Airplanes are not go anytime, go anywhere vehicles.
My airplane is a good example. If the weather is bad you cannot fly. Flying a small Cessna in severe weather can be extremely hazardous to your health.
I remember one time when flying in bad weather, I got stuck in Clewiston, Florida for a couple of days. I was lucky. I landed at the airport before the weather got so bad I would have been forced down in the Glades. The Everglades is no place to be forced down, anytime, let alone in bad weather.
There is something to say for traveling in a car even if it takes twice as long. Sometimes you simply cannot fly and that's why I occasionally drive
There is a saying in aviation: "You can always fly another day."
Should you fly in bad weather, you may not live to fly another day.
Even when you sometimes look outside and the sky is friendly, it may not be that way along your route or where you are going. Careful planning for the entire trip is essential.
General aviation statistics show the airplane itself does not cause the majority of all small airplane accidents, but rather they crash due to the wrong decisions made by the pilots. Ninety eight percent of all general aviation accidents are caused by pilot error. And, most of those accidents were when the pilots should have made the choice not to fly at all.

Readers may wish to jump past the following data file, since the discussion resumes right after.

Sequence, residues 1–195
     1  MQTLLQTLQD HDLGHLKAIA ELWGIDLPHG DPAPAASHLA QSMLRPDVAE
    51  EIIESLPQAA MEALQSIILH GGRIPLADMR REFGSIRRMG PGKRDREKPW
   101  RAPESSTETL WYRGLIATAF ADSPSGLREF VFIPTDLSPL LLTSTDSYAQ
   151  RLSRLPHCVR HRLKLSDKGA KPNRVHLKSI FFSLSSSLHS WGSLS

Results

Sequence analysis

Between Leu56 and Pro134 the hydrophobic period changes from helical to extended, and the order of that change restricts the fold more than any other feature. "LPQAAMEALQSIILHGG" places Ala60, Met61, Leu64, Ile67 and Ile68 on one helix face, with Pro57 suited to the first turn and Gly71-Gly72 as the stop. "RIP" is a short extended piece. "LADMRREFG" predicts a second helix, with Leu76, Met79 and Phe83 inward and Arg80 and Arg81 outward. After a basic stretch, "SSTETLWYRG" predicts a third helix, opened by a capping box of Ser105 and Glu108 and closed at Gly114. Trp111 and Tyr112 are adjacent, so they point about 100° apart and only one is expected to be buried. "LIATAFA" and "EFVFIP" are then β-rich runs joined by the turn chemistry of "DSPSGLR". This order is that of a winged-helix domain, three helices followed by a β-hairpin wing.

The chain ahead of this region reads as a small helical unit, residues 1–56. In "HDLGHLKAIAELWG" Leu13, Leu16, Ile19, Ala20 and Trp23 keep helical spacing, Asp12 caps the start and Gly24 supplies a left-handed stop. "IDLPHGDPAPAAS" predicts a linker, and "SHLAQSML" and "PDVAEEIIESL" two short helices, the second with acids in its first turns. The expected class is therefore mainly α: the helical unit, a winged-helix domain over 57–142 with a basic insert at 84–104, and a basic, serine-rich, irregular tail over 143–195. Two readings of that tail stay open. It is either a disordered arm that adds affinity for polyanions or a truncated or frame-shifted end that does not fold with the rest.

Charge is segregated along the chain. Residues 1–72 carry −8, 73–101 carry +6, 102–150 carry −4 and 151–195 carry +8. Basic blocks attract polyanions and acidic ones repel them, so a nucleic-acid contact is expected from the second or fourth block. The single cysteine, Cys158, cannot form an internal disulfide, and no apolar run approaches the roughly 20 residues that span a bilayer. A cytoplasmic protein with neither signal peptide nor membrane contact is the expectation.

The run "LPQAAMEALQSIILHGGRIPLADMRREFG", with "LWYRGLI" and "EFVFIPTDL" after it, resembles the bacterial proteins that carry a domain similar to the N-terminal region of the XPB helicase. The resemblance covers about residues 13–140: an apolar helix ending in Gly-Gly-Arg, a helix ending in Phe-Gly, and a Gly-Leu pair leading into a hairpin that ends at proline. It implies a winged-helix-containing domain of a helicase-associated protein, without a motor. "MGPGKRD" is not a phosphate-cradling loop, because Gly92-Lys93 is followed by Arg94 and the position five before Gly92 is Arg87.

This weekend my wife and I were to fly a couple of friends to Tampa for lunch, and we probably could have, but we made the choice not to take the risk. The weather was marginal and we did not want to put them in jeopardy. You know, there's always that proverbial "another day." You see we would rather disappoint our friends than forfeit them to demise, so we did not go.
Anyway, here I am writing this newspaper column instead of flying to Tampa, and that will make my editor happy. I have been so busy lately I have been sending my manuscripts in late. This one will finally be in on time. My wife's friends and mine will fly to Tampa for lunch another time and, oh, I'll be around to write again.